Participants involved with the NDIS are assisted to live independently and plan out their ongoing future, including their home and living goals. The NDIS can provide support to accessing housing for these individuals, but availability is often limited due to high demand.

Using your Self Managed Super Fund to invest in an NDIS property is a mid-to-long-term investment that could supplement your super to fund the retirement you want and deserve.

Having a self-managed superannuation fund gives you the ability to leverage your super by borrowing money from a lender to be able to make more sizable investment purchases, such as NDIS Property.

The rules and regulations around using your SMSF to purchase NDIS property can be quite complicated.

An SMSF can borrow money to purchase a house and land package as long as it is purchased together in one transaction (a one-part contract) as a single acquirable asset where the asset is identified up front as vacant land with a completed house on it.

There are specific considerations to consider to determine whether or not the investment property can be purchased through your SMSF.

Location & Demand

The property must be in an area with high rental demand (typically considered as anywhere within a 50-kilometre radius of an Australian capital city or a 35-kilometre radius of a major city).The areas generally fall into these areas and have a vacancy rate of 1% or below (meaning that the rental demand for investors is there).

Bank Approval

The property purchased through your SMSF must be ideally as new as possible as it needs to be approved by the bank. This is because the property must be positively geared (income from the rent should be higher than the outgoings on the property). At the very least it should have a neutral cash flow (meaning the incomings and outgoings are relatively even).

No Personal Gain From The Property

The last criterion is that you can’t see any personal gain from your investment property. This includes:

  • Living in the investment property or installing tenants known to you.
  • Completing any repair or maintenance work (can only be done by licensed third-party tradespeople).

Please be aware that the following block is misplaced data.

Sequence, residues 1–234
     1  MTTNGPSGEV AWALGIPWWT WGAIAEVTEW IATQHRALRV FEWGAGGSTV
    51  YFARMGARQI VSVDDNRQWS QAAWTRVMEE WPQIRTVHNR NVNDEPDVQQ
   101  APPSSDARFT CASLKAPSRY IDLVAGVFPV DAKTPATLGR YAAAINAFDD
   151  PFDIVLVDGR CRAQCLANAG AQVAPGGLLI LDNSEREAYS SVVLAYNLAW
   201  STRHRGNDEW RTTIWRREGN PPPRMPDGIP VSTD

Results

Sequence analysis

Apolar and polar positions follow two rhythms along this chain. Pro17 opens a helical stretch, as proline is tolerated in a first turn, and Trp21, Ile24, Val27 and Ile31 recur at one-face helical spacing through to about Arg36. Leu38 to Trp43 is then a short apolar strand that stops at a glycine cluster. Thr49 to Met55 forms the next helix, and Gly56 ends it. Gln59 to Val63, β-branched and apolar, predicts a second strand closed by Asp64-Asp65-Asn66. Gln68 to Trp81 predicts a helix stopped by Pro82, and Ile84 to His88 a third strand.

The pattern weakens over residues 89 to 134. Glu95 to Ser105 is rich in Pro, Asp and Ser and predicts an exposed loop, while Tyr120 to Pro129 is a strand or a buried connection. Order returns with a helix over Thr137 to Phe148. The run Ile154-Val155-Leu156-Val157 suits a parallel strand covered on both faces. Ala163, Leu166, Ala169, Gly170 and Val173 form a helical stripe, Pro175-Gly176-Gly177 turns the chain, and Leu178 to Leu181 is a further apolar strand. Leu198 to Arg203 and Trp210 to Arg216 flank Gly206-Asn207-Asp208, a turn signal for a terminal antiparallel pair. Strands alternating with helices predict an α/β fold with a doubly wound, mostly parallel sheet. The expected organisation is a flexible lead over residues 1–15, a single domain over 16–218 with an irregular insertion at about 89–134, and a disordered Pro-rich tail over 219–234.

• Organising the property's rent (must be done by a licenced third-party property management team)
  • Developing or improving the property - the property can only be maintained to its current standards. No renovations can be undertaken.

Some risks can accompany using your SMSF (Self-Managed Super Fund) to invest in NDIS property – the number one is cash flow. Your loan repayments will come from your SMSF. Sufficient income into your SMSF (including NDIS Rent from the tenant/s) needs to be ensured to make the repayments.

Some ongoing costs can come with using your SMSF to purchase a property. These may include:

  • Property management fees
  • Accounting and auditing costs
  • Building insurance, council, and water rates of your investment property
  • Body Corp, if relevant
  • Business registration of your SMSF with ASIC.

When you retire, there will be two options available to you with the property.

  1. Continue to receive rent on your investment property as your pension-based income, or
  • Sell the investment property and, once you’ve paid any potential remaining debt on the property, use those funds as your retirement income. You need to reach the preservation criteria to sell the property and not pay capital gains tax.

In short, using funds from your SMSF to purchase an NDIS investment property is not the same as a regular SMSF property investment loan. Doing so should consider guidance from professional advisers and careful planning.